You have to be brave to play Fire Emblem: Three Houses the way it’s meant to be played. Yes, I’m talking about the Classic mode, where characters die permanently when they fall on the battlefield. I’m no stranger to these games, or to tactical RPGs in general, so I know the score: decisions have consequences, poor choices on the battlefield can deprive me of my favorite warriors, and I’ll just have to work around that when it inevitably happens. So when I started up the latest Fire Emblem on my Switch, I dove right into the old-school stream, and all the brutality that guaranteed.
And then, as always, I regularly quit and replayed entire battles whenever any of my best characters died.
Look, I’m not proud. Yeah, I’ve been playing games like this one for decades, and unfortunately this is always how I’ve done it. In my head I rank all my characters, and when any of them die in battle I run the mental calculus to decide if I can permanently let them go or not. (And yes, sometimes that math is more emotional than logical.) That leads to loading old saves constantly in order to replay battles, and extends the already lengthy playthroughs of these games into grossly distended epics. It sucks, I’m sorry, but I’m never going to change. This is simply who I am, and I’ve learned to accept that. And now, with the increased focus on socializing outside of battle that Fire Emblem has taken over the last few years, I have an entire social life to worry about alongside my characters’ actual lives, giving me even more opportunities to be a coward and refuse to accept my fate.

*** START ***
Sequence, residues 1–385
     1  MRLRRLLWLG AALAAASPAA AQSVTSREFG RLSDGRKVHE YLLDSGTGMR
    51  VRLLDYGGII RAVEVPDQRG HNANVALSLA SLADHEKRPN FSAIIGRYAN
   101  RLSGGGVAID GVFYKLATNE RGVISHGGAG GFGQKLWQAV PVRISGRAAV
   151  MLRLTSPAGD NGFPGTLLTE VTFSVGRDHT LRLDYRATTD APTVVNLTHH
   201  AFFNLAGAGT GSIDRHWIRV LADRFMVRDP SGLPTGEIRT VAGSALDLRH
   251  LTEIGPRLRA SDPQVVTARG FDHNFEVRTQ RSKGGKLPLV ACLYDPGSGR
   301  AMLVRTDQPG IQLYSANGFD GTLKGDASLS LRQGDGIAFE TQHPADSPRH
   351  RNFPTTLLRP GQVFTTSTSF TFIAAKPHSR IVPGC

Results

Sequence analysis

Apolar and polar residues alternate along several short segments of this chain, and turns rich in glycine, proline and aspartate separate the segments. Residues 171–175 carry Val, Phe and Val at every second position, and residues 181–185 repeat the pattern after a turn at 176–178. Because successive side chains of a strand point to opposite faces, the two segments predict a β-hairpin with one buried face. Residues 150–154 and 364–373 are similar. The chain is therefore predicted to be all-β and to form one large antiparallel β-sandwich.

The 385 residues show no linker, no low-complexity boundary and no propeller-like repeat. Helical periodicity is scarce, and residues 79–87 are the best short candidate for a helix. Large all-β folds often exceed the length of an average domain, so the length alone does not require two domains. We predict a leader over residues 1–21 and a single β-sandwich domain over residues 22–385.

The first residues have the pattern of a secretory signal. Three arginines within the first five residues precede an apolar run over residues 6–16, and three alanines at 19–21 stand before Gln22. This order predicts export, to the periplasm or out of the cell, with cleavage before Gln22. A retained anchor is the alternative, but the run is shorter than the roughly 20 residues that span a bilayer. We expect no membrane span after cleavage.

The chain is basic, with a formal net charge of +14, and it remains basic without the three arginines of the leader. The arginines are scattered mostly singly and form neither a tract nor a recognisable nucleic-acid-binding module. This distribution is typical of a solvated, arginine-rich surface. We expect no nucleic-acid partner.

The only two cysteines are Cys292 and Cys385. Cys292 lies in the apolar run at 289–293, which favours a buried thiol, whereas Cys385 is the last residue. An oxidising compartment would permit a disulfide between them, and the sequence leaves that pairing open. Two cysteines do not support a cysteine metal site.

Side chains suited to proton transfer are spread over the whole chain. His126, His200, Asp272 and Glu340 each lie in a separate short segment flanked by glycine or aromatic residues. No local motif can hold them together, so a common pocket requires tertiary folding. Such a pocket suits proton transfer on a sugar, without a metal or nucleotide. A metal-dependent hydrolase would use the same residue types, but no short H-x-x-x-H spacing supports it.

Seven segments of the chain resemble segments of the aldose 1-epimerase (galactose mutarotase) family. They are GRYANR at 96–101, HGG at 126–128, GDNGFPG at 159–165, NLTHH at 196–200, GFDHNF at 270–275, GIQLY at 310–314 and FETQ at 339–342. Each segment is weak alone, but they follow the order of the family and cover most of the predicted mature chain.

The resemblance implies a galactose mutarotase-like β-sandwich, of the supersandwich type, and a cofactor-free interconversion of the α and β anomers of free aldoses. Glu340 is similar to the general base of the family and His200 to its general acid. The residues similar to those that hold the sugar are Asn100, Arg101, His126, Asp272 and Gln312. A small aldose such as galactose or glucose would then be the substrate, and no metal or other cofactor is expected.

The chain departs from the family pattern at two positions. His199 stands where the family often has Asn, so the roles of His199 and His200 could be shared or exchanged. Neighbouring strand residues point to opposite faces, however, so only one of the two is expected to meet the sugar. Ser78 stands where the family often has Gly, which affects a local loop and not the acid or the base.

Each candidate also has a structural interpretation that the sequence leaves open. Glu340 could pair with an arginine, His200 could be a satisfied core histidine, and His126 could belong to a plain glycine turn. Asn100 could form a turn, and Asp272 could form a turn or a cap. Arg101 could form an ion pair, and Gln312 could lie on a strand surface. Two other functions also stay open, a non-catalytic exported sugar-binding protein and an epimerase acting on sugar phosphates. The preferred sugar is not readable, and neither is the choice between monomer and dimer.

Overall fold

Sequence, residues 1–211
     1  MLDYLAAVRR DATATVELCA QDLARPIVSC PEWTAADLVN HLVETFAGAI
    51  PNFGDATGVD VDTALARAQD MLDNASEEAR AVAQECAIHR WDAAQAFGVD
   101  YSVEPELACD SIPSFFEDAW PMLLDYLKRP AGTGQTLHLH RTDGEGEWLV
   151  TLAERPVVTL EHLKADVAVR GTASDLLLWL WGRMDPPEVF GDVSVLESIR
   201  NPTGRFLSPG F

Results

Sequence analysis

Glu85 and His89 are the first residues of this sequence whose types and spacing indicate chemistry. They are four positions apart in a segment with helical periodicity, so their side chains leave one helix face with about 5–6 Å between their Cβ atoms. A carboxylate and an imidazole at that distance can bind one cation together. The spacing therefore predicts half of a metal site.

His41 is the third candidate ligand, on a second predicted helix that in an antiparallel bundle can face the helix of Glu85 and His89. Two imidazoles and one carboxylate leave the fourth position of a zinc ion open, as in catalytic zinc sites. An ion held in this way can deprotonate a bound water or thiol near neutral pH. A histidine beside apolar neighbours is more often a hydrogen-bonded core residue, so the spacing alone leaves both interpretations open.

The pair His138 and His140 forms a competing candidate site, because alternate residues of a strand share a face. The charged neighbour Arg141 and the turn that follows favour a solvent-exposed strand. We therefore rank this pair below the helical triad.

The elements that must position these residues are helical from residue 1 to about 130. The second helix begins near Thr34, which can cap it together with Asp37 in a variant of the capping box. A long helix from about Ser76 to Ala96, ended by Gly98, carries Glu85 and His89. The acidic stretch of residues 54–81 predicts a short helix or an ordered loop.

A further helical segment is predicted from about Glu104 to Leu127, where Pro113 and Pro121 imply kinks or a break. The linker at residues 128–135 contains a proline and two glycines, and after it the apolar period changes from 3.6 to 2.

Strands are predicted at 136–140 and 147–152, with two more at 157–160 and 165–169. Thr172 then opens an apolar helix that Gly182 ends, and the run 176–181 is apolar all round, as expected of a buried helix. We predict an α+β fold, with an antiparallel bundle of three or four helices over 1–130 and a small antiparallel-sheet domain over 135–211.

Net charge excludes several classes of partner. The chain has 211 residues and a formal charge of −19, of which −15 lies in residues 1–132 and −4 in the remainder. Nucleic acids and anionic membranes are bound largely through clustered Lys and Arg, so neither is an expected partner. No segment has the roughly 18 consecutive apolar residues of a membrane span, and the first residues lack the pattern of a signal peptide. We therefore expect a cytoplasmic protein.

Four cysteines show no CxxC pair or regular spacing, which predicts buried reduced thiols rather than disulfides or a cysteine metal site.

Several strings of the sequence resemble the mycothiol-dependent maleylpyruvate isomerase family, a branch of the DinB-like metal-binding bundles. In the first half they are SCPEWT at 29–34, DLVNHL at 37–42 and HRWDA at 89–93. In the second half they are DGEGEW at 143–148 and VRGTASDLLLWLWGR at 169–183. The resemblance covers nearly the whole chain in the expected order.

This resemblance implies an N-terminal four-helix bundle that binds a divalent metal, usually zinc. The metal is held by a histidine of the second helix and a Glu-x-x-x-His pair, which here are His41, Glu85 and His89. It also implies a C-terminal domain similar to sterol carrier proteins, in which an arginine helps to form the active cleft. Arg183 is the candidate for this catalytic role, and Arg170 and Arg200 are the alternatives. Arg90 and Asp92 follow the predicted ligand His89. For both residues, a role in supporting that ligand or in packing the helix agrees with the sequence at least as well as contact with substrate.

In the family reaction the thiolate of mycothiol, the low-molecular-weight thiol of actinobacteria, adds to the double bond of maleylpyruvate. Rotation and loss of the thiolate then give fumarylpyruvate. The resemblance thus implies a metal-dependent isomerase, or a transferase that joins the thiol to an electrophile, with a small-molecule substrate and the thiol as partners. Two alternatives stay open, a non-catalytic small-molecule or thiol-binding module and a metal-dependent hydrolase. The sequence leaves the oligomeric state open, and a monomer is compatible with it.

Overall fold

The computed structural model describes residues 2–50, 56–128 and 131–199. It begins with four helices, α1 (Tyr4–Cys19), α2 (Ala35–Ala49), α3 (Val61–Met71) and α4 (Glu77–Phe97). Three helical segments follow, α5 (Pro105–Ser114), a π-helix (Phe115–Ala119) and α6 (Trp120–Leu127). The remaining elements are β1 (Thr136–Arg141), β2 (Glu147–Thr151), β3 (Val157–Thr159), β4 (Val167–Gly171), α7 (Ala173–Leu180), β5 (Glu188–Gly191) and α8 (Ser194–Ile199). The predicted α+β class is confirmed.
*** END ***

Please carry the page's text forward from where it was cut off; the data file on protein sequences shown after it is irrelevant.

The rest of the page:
Fortunately Fire Emblem: Three Houses makes it easy to drop back to the main menu and load up an old save whenever I need to. A simple button combo instantly whisks me back to the warm, safe cocoon of the main menu, where I can take my pick of all the manual saves that I hopefully remembered to make every day and before every battle.
To trigger that soft reset back to the main menu, all I have to do is hold down these four buttons at the same time:
Cancelling the past and reliving the future is that easy. Whenever my preternaturally gifted mage Lysithea gets wrecked out on the field, I can now use that simple code to wipe everything out and try over again.